The reality is that most of us don’t know all of the answers to these questions. Which is why we shouldn’t place all of our eggs in one basket. Or even most of them.
A company can be a great company but have below average returns. Remember, in any given year much of the stock market’s returns are generally driven by a handful of out-performers.
This is not an either/or proposition. You can acknowledge the wonderful things that have been brought to you from a particular investment and choose to diversify your holdings as you move forward to protect yourself.
How to diversify a concentrated stock position
What are your options when it comes to diversifying out of a large stock position? Often, one of the reasons why people stay in a concentrated stock position is because there may be significant adverse tax consequences to selling the position.
*Important: This is not tax advice. Please speak with your CPA or tax preparer to address your personal situation.
Fortunately, some witty financial planner out there came up with a simple acronym to sum up the different strategies an investor can use to diversify out of a concentrated position.
As in, I hope(s) this stock position doesn’t tank before I get it under control.
(Don’t worry folks, I’ll be here all night.)
HOPES is an acronym and stands for the following tactics:
Hold on to some
In case you’re wondering, Planned Giving is a fancy way of saying “give some away.” However, HOGES doesn’t have quite the same ring to it.
The reality is, you may want to include several of these strategies as part of your concentrated stock reduction plan. You may also want to use different strategies depending on what type of account(s) the stock is held in and a whole host of other factors including (but not limited to) age, health, risk tolerance, and tax bracket.
Concentrated Stock Positions: Hold On To Some
How large of a position should you hold on to? This is highly dependent on your situation. Some things to consider:
What other investments do you hold in your portfolio?
How much risk are your comfortable with?
How much risk can you afford to take?
What type of company or industry does the stock represent?
Most investment firms will make you sign off on any stock position that is larger than 7% of your portfolio.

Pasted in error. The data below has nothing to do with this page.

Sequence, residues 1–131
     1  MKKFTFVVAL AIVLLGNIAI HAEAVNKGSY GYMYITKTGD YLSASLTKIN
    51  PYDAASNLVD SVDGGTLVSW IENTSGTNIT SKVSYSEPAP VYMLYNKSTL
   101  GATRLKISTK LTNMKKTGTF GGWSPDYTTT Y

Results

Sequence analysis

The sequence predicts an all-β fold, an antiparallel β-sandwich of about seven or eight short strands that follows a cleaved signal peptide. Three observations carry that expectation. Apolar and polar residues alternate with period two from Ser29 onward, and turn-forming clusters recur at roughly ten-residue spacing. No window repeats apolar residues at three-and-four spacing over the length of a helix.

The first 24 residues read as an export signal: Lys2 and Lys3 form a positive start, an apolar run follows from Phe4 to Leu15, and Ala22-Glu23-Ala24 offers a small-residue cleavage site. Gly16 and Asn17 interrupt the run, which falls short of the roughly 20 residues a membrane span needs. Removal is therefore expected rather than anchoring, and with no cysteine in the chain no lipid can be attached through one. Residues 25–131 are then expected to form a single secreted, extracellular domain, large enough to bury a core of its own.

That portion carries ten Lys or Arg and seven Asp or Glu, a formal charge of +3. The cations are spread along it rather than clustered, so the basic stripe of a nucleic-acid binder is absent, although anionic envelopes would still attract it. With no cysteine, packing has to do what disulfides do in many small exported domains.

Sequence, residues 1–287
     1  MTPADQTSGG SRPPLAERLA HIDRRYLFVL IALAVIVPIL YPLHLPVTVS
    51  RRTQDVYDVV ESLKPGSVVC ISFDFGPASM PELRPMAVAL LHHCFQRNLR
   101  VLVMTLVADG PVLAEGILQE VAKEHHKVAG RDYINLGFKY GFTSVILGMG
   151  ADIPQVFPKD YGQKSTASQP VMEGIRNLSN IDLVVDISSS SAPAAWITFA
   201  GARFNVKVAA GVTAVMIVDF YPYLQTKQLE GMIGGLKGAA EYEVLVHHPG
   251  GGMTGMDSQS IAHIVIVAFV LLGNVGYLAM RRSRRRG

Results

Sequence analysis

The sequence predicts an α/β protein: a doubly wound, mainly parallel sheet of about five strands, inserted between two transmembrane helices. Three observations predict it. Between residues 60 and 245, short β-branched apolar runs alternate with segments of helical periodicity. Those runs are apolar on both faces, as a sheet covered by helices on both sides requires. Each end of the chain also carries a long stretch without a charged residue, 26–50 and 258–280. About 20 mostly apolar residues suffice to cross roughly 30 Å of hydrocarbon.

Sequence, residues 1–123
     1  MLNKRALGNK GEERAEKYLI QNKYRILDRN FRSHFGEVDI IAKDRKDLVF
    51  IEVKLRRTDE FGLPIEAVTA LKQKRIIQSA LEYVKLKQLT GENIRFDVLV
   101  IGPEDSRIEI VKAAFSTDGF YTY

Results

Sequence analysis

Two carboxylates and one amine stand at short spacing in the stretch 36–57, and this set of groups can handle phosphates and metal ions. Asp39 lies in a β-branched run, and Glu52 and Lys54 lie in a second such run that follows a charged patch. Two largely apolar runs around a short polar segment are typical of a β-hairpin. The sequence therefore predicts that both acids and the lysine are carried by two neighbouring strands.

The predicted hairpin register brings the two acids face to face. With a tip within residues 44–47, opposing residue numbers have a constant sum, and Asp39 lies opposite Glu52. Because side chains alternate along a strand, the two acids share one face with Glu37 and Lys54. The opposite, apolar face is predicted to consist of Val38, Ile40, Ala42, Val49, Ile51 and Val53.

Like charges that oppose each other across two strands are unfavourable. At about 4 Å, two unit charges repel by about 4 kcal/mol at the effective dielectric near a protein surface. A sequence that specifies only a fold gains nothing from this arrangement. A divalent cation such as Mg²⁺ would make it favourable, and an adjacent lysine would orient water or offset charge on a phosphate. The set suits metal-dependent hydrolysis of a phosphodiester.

Also, don’t forget that your other investments (mutual funds, ETFs, etc.) may hold the same stock you are holding. Your overall exposure to a particular stock could be much higher than just what you own outright.
Talk to your financial advisor and figure out what your true exposure is to a particular stock.
Why might you hold on to a concentrated stock position?
Let’s say that Joan is 85 years old and holds a large position of ABC stock in a taxable account. Let’s be frank, Joan’s life expectancy is likely coming to a close. When she passes, her heirs could receive a significant step up in basis. Said plainly, the tax basis of the stock will rise to the value of the stock on the day that Joan passes away or an alternative date after her death selected by her estate executor.
We don’t need to get into the weeds too much here, but an example may help. Let’s say Joan owns 100,000 shares of ABC stock which she purchased over the years for $5 a share. Now, XYZ stock trades for $15 a share.
Current XYZ stock value $1,500,000
Joan’s Basis in XYZ stock (what she bought it for) $500,000
Joan’s total long-term capital gain would be $1,000,000 (what she would be taxed on)
Since Joan is 85 she likely collects Social Security and perhaps has an IRA from which she takes a Required Minimum Distribution. If Joan were to sell all of that stock at one time she would pay a top rate of 20% long-term capital gains tax on the $1,000,000 gain. Combined with the Medicare Surcharge tax (3.8% on income above $200,000 for a single taxpayer), Joan would net less than $1,300,000 after taxes on a $1,500,000 stock position. If her state charges a capital gains tax, she would have to pay that as well.
Since Joan is 85 a large capital gain may cause her Social Security benefits to become partially taxable and it would likely push up her Medicare premium rates. As you can see, there are a number of trickle down effects from selling a large concentrated stock position all at once.
Let’s say Joan passes away and the stock is still trading at $15 a share. Her daughter inherits the stock, except now, her daughter’s cost basis is $1,500,000. If her daughter sells the stock she won’t owe any capital gains tax on the sale unless the stock price moves up from $15/share.